Be Assured … and Insured

Rupert Smith of Complete RPI gives a full overview of insuring your UK property

I own a flat/apartment: Do I need to arrange buildings insurance?

If you own an apartment or flat that is part of a bigger building, you should ensure the owners of the freehold have adequate buildings insurance in place and that this covers your property. After all, damage to the infrastructure of the building may have an impact on your property or could even destroy it. If you are not satisfied, you can always take out extra cover. If, on the other hand, you rent a property, it is normally the responsibility of the owners of the freehold or their managing agents to arrange insurance cover.

My property is rented to tenants: do I need buildings insurance?

It is important to insure the premises irrespective of whether you personally are living there. If you do have tenants, you should consult with your insurance company to make sure your policy covers properties that are rented.

My property is currently unoccupied: do I need buildings insurance?

It is still important to insure a property that is lying empty. However, it can sometimes be slightly more difficult to obtain the cover. The premiums may be higher for the period that the building is empty.

Can I change my policy after I have taken it out?

You can elect to change your buildings insurance policy as often as you like, although you should make sure that your property remains properly insured during the change over period from one insurer to another.

What should I think about when choosing a policy?

Compare the cover offered by various policies and see what is most suitable for your needs. Importantly, look for any restrictions within the policy, for instance on flood cover or accidental damage. Also, check for discounts on higher excesses and annual premium payment.

What is contents insurance?

Contents insurance covers the ‘material possessions’ in your home, for example, a stereo or iPod, clothes, curtains, carpets and furniture. In most policies, the cover extends to areas outside the main property, such as a greenhouse, conservatory or garage. However, more expensive items, usually of £1,000 plus - an expensive computer or jewellery, for example - may have to be insured separately as the majority of policies have limits on payouts.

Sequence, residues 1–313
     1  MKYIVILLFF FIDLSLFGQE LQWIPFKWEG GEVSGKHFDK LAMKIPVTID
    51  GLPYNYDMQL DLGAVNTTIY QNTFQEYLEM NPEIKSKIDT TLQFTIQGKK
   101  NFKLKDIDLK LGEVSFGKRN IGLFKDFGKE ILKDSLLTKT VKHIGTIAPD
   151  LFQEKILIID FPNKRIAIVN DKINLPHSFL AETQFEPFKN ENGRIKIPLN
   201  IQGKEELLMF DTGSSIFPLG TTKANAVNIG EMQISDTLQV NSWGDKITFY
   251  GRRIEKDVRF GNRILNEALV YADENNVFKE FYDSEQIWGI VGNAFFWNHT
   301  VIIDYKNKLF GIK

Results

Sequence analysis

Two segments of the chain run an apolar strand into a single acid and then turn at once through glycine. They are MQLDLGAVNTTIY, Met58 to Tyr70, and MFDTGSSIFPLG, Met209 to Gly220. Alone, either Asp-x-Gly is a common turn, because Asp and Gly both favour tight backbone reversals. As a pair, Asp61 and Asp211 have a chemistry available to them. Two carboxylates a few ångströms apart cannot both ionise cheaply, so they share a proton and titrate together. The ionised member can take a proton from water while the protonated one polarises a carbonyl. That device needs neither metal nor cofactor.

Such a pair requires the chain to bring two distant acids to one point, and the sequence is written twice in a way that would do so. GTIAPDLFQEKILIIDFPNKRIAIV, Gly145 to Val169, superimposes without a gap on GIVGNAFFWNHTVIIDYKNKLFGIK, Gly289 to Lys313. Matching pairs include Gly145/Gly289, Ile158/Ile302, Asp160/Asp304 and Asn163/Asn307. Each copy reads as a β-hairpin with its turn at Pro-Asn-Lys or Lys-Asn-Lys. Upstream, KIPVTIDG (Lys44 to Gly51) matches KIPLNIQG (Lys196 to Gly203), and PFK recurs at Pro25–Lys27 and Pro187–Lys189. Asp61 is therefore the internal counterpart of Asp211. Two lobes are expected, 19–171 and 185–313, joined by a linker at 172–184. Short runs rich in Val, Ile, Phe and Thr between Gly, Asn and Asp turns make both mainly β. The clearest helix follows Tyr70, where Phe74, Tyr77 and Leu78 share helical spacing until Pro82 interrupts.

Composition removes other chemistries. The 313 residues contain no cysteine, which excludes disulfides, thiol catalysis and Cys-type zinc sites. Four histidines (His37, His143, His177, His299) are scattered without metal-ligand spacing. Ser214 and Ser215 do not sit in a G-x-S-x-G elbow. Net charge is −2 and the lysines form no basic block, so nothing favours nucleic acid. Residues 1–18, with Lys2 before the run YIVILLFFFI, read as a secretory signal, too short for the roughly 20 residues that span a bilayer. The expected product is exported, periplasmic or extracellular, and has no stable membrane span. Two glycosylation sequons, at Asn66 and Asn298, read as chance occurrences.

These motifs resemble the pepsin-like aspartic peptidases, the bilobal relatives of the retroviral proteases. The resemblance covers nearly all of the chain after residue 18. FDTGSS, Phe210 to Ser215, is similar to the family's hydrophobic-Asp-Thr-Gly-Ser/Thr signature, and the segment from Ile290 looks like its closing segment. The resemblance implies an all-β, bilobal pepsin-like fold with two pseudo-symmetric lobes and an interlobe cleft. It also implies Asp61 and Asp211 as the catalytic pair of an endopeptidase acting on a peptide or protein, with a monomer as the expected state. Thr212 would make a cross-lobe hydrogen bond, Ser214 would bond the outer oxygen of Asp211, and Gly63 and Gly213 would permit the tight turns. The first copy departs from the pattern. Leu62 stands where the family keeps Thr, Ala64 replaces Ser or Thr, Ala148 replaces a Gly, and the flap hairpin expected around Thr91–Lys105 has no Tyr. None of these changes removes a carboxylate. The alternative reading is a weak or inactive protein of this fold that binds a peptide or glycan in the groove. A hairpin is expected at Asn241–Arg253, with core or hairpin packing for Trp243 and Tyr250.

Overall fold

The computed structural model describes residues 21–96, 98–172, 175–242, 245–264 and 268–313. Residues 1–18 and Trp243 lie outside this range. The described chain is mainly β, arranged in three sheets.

As a policyholder, you will normally be covered if your possessions are stolen, or damaged, for instance, by fire, flood, burst pipes, boilers or storms. However, most policies do NOT cover such things as general wear and tear and, unless they offer additional accident cover, spilled paint on a carpet.

The important thing is to understand that every policy is different, to always read the small print for exclusions and to shop around for the best cover and price. If you are unsure about anything, always speak to an experienced and independent broker.

How much contents insurance do I need?

The best way to work this out is to methodically walk around your home with a pen and paper - not forgetting attics and outhouses - and write down all the items in it. For specific items, such as antiques, it may also be worth taking a photo, which could prove useful in the event of a claim. Once you have done this, simply add it all up and you’ll have a pretty good idea of the cover you will need.

What’s a combined building and contents policy?

Combines policies covers both buildings and contents, and insurers often sell them at a discount in order to make them more attractive. But it can still be cheaper to buy separate policies on the open market.

I do hope you found the article of interest and should you have any queries please do not hesitate to contact me direct.

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